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New World Development sees new lights amid profit plunge

Adrian Cheng, executive vice chairman, second left, and Henry Cheng, chairman, second right, unveiled New World Development’s full-year results. (Photo by Joyce Ho)

HONG KONG -- Chinese property developer New World Development, chaired by Hong Kong tycoon Henry Cheng Kar-shun, saw earnings decline sharply for the year ended June as property sales slowed. But optimism surrounding a strong project pipeline has buoyed its stock price.

The Hong Kong-based developer, which also runs hotels, malls, offices and infrastructure projects in mainland China, reported that net profit fell 54.66% on the year to 8.67 billion Hong Kong dollars ($1.12 billion), or 95 Hong Kong cents per share. Revenue rose 7.2% to HK$59.75 billion.

The main drag came from a 9%-plus drop in residential project sales in both Hong Kong and mainland China, which together accounted for more than 52% of the group's total revenue, as well as massive foreign exchange losses that ballooned to HK$4.08 billion amid the depreciation of the yuan.

The decline in property revaluation to HK$307.3 million from the year-earlier HK$3.17 billion also dealt a blow, as did a marked deterioration in hotel operations to a HK$203.2 million net loss from a HK$244.7 million net profit.

Such losses were due largely to the decreased contribution from the Grand Hyatt, Renaissance Harbour View and Hyatt Regency hotels in Hong Kong, in which a 50% equity interest had been sold to the Abu Dhabi Investment Authority sovereign wealth fund in June of last year.

The only bright spot was property investment, as resilient occupancy in offices across Hong Kong's central business district and in shopping malls offset weak rental income from street shops wrestling with the city's feeble retail environment. The company reported a 6% year-on-year rise in gross rental income in Hong Kong to HK$1.57 billion.

New World Development blamed the setback in its housing sales on the cautious attitude of Hong Kong homebuyers in the first half, as they were anxious about the U.S. Federal Reserve's policy stance since last year's interest rate hike. Against a sluggish market that recorded a 35% decrease in transaction volume, according to government figures, the company only managed to book HK$6.6 billion in contracted sales for the year -- far less than its HK$10 billion target.

But the recent rebound in Hong Kong's housing market has given Cheng some confidence to push more projects into the market. "Hong Kong's housing market has seen some growth in the past few months," he told reporters Wednesday. "This, I believe, has to do with the underlying demand."

Cheng sees current demand for residential units in Hong Kong far exceeding supply, possibly helping to keep the market tight, though at the expense of affordability. The likely persistence of a low-rate environment will also be an incentive to buy, given that the Fed is not expected to hike interest rates at a dramatic pace, he said.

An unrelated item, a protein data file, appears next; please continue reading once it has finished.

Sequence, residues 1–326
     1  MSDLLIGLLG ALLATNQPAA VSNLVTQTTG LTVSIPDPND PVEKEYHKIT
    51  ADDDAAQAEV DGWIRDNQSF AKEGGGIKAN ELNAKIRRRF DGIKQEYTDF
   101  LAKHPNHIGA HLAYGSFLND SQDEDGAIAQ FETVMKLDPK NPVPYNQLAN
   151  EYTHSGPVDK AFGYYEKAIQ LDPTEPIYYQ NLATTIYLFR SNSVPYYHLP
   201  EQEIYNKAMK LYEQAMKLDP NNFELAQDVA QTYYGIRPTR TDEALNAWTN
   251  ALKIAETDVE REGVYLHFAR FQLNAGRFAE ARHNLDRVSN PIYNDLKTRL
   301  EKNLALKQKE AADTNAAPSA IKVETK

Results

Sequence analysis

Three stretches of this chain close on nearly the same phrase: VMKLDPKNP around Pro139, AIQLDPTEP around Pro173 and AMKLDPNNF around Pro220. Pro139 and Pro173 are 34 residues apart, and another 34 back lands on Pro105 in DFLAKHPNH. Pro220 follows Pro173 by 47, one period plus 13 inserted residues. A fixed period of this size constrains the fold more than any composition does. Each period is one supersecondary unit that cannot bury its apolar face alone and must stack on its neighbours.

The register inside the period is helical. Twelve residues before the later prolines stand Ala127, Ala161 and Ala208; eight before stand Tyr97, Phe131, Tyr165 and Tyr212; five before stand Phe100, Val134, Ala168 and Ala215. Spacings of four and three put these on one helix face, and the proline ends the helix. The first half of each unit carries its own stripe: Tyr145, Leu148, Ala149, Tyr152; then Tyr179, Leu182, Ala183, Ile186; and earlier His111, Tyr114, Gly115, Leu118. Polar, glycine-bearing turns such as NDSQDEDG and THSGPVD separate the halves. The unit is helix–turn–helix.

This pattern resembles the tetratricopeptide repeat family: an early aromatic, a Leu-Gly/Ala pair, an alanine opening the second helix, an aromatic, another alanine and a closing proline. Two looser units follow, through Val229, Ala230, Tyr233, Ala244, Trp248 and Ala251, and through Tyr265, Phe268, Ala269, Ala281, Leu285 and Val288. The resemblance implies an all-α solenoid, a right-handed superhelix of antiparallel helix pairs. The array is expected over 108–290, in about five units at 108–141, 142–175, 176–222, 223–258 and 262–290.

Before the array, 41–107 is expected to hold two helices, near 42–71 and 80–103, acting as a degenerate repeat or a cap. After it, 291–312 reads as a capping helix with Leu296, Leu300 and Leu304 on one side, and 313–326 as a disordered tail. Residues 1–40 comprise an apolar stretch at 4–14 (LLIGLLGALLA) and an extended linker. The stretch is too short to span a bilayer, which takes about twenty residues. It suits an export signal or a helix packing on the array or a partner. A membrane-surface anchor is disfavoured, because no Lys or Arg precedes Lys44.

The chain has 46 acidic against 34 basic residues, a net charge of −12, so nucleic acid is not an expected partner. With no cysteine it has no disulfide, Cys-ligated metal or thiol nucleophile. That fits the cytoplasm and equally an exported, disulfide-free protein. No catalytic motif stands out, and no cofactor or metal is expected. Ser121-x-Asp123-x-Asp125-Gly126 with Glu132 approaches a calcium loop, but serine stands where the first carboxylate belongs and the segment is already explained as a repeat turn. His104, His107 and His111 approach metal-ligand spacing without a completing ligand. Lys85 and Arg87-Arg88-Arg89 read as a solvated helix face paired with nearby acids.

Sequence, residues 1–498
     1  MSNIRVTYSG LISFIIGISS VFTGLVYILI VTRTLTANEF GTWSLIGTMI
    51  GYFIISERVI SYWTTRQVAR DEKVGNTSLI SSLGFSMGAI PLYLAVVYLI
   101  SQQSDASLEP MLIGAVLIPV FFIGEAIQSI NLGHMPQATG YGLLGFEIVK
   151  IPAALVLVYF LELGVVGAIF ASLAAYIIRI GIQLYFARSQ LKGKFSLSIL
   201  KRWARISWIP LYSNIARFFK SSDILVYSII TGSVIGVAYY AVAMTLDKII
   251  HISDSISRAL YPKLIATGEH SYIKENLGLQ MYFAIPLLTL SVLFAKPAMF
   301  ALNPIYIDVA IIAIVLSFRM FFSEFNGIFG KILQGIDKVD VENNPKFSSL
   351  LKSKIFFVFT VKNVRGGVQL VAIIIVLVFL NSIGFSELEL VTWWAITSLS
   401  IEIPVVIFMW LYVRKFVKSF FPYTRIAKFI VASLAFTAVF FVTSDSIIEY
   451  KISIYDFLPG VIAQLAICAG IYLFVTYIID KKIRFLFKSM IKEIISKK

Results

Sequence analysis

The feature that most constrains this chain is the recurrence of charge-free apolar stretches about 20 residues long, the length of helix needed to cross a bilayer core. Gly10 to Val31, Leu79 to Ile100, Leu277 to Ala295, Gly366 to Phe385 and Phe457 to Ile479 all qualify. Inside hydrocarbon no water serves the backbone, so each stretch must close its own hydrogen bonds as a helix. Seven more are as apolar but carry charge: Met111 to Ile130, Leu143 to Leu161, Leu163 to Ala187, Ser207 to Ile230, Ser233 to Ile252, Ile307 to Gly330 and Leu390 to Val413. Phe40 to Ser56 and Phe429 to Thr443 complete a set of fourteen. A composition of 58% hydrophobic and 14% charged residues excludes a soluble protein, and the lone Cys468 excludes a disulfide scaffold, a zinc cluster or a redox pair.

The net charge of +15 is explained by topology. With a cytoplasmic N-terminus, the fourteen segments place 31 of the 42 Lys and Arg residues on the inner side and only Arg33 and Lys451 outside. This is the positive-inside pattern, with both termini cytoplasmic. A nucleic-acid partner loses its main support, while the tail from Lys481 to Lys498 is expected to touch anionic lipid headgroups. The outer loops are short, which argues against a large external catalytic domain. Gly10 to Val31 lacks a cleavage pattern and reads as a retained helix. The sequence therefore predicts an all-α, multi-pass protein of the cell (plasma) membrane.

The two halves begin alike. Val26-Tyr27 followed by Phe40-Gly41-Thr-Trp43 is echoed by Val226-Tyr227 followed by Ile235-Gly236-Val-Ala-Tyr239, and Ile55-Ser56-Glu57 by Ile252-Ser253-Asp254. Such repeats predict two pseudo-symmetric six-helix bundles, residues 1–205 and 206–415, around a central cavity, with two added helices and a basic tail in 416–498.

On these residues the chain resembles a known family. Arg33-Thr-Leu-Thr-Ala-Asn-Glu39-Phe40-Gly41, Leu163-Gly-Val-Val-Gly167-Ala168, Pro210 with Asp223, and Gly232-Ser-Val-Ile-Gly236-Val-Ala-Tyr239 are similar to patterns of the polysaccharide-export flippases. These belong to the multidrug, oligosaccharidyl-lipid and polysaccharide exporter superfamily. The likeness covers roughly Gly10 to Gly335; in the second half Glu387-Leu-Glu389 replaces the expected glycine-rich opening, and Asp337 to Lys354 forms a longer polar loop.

Maintaining its target of HK$10 billion in contracted sales for this fiscal year, the company plans to launch six projects in the city during the period, of which two will come from inventory. Together, they will supply 2,506 extra units for sale.

Its contracted-sales target in mainland China for this fiscal year was set at 20 billion yuan ($3 billion). This compares to the 22.9 billion yuan booked for last year as the company was looking to reorient its focus toward tier 1 cities. 54% of its total sales proceeds last year came from such Guangdong Province cities as Guangzhou, Shenzhen and Foshan.

But the company said it had no immediate plans to further offload assets, as it needs to focus on integrating with New World China Land, a wholly owned subsidiary taken private in August. Last year, it sold three projects in Wuhan City in central China that totaled 13.5 billion yuan to leading mainland property developer Evergrande Real Estate, as well as disposing of a 2 billion yuan project in Chengdu and a 5.3 billion yuan one in Guiyang.

Apart from the strong product pipeline, analysts now anticipate the completion of the New World Centre, a 278,709-sq.-meter complex on the harbor front, which comprises grade-A offices, a prime shopping mall, and hotel and serviced apartments, to provide new impetus to New World Development's future growth.

The leasing of the New World Centre is "a key upcoming catalyst," a Deutsche Bank analyst wrote in a report, reiterating its "buy" rating. The analyst estimated that the New World Centre would contribute HK$2.3 billion in rental revenue in 2018, with the group's total rental revenue surging 72%.

New World Development Executive Vice Chairman Adrian Cheng Chi-kong said 40% of the office tower at the New World Center has already been leased, with a multinational bank as a major tenant.

New World Development closed up 0.39% at 10.3 Hong Kong dollars here after the results announcement Wednesday. Rebounding from a three-year low since early February, it has gained 34.46% so far this year to outperform the benchmark Hang Seng Index, which has added 13.03%.

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